If necessary, we can also use private investigators or forensic accountants to locate and identify hidden assets or fraudulently transferred property.
In military divorces, we can evaluate your rights not only with respect to pensions, but also the very substantial benefits available in long-term military marriages under the Former Spouse Protection Act (FSPA).
Very often, it is advisable to consider complex property division issues in connection with the resolution of spousal support claims. From a tax perspective, it will often make sense to make concessions on property division in exchange for a better alimony settlement—or the other way around, depending on your specific situation.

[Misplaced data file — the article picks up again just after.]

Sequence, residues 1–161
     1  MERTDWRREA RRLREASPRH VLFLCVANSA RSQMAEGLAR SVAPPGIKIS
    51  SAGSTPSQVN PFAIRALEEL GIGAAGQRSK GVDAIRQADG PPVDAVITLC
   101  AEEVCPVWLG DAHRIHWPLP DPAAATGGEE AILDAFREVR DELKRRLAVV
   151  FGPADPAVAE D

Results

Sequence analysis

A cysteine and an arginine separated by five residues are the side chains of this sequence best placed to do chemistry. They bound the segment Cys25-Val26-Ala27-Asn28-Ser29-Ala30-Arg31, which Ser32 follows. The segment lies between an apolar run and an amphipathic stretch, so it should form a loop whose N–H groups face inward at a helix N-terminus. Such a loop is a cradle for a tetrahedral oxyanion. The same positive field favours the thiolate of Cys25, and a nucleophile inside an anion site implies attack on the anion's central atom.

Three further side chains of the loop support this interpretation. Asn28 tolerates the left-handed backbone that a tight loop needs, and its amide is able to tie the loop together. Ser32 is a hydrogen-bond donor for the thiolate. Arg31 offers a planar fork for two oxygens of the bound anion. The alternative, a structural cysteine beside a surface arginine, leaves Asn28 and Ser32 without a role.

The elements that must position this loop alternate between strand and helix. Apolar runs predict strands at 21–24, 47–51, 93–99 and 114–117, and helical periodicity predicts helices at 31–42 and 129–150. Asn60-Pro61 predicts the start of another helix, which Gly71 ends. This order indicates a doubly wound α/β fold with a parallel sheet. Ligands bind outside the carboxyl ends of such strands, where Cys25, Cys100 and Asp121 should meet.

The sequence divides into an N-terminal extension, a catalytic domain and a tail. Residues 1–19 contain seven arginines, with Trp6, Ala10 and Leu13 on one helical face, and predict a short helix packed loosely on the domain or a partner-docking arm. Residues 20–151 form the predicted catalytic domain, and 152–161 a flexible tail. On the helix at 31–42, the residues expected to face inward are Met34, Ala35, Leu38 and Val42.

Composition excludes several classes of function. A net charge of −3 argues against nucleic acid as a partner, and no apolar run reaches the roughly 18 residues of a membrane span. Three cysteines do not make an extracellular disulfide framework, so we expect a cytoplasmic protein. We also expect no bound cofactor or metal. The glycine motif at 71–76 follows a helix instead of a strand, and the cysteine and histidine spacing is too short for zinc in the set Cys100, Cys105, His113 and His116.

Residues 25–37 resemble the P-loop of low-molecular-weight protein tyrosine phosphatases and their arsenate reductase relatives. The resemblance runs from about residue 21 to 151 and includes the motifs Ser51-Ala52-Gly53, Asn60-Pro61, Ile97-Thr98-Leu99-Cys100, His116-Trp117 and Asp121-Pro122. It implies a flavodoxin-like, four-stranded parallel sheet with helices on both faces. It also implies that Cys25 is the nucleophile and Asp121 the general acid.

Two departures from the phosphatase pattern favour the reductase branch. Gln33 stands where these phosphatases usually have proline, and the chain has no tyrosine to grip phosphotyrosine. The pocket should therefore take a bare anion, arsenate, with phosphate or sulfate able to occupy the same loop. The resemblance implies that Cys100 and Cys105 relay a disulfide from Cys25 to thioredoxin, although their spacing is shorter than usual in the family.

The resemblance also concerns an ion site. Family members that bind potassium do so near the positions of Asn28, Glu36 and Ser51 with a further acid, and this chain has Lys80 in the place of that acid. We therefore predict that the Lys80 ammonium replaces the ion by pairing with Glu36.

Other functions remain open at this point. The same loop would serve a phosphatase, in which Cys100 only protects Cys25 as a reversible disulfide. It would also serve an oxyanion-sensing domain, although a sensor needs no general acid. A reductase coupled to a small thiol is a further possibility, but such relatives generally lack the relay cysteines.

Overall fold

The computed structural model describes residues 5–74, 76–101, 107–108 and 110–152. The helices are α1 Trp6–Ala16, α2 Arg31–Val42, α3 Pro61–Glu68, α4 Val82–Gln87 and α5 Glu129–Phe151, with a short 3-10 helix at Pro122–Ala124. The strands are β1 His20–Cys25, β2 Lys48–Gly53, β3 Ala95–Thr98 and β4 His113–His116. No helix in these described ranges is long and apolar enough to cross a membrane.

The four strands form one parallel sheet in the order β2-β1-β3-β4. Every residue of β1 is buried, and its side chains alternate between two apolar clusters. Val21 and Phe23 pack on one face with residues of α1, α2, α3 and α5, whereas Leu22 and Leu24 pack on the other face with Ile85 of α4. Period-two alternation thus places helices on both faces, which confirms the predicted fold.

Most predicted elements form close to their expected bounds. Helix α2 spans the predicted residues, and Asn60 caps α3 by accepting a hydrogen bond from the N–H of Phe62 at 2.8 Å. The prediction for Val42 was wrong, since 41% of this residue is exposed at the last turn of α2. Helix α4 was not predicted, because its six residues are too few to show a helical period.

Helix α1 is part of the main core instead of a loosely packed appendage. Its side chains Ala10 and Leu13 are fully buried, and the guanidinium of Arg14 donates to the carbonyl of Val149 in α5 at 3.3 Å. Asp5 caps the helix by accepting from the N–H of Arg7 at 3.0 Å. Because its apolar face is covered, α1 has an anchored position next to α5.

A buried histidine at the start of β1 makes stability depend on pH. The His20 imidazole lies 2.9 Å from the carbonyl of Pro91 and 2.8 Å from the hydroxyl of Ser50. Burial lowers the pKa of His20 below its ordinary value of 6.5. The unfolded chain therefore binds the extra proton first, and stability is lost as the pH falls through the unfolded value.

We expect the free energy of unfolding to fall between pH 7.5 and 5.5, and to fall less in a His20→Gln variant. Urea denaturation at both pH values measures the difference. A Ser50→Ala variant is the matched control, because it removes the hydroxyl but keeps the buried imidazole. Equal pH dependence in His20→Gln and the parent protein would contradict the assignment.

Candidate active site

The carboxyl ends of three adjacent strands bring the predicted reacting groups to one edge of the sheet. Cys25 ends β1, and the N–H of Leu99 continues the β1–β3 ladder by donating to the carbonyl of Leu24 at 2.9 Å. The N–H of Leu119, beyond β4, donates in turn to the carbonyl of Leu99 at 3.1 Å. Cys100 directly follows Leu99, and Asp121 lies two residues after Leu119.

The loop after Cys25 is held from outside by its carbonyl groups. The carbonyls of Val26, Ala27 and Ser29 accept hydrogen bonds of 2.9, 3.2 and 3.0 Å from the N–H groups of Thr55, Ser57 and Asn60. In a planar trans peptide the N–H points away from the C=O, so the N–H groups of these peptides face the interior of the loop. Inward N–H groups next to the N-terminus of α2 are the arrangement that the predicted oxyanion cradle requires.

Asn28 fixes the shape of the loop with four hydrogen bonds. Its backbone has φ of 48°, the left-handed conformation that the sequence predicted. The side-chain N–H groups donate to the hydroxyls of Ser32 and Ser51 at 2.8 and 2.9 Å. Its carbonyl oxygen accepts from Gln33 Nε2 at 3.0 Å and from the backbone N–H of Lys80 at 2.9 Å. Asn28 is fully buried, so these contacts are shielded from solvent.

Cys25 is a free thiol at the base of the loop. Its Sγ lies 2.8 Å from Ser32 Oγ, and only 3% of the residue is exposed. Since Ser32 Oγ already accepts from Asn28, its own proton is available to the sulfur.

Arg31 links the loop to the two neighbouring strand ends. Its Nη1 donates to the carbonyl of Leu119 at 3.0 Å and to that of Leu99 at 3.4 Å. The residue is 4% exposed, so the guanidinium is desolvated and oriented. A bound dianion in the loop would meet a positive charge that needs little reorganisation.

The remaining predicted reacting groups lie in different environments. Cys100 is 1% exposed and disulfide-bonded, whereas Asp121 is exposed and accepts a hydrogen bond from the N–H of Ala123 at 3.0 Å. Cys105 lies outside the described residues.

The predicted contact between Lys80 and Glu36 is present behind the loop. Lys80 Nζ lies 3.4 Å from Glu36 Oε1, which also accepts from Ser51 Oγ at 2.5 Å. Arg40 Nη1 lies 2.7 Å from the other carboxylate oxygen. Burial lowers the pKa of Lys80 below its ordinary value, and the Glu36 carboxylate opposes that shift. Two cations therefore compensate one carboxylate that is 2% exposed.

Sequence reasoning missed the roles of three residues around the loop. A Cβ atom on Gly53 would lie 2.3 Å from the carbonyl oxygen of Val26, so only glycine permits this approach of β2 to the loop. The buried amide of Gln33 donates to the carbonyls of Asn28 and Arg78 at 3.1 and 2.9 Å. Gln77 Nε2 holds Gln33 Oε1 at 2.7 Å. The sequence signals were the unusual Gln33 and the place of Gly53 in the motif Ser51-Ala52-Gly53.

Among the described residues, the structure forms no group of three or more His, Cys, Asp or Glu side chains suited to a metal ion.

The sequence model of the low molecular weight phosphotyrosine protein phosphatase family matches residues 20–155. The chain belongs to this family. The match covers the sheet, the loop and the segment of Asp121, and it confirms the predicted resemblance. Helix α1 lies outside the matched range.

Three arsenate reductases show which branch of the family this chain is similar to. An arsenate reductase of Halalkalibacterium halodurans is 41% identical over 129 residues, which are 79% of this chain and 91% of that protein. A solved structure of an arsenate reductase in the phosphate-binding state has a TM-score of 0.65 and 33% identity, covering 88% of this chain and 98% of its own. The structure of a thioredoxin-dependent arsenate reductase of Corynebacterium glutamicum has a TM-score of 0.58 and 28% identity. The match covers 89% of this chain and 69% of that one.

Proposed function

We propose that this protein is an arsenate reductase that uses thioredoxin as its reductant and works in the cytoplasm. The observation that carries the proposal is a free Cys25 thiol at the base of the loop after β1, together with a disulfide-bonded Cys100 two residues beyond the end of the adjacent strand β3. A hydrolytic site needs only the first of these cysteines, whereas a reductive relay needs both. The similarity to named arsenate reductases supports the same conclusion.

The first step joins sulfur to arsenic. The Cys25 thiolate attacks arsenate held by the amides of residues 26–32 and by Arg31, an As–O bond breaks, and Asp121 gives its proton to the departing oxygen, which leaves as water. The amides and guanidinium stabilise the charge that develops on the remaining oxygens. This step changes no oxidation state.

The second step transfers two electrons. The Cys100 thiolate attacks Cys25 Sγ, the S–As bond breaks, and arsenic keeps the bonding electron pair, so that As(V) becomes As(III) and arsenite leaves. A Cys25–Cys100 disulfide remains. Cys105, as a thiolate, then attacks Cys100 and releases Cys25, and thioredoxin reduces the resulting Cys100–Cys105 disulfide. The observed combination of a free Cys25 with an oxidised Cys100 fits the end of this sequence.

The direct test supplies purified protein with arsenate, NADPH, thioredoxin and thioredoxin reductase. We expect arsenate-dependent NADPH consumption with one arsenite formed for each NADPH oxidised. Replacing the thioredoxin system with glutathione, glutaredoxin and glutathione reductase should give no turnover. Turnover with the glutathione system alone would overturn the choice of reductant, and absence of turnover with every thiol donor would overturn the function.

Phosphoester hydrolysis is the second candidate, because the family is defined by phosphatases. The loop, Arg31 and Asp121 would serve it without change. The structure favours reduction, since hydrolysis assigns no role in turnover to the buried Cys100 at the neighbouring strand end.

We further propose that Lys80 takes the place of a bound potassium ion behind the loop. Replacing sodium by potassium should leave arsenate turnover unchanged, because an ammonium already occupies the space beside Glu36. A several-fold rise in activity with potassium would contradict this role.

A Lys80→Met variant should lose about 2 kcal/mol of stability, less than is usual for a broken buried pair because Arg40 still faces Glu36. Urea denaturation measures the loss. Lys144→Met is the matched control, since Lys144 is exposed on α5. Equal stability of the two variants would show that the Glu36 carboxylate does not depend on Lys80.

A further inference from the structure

Contact Divorce Lawyers at Cravens & Noll Today
Whether your property division problems involve investment properties and stock options, the valuation of family business assets, or the recovery of your payments on your spouse’s old student loans, our detailed knowledge of Virginia divorce law can help protect and advance your interests.
Our experienced and knowledgeable divorce attorneys will help protect your valuable assets and the property that you hold dear. Contact us at either of our offices in Chesterfield or Henrico for an initial consultation about your property division concerns.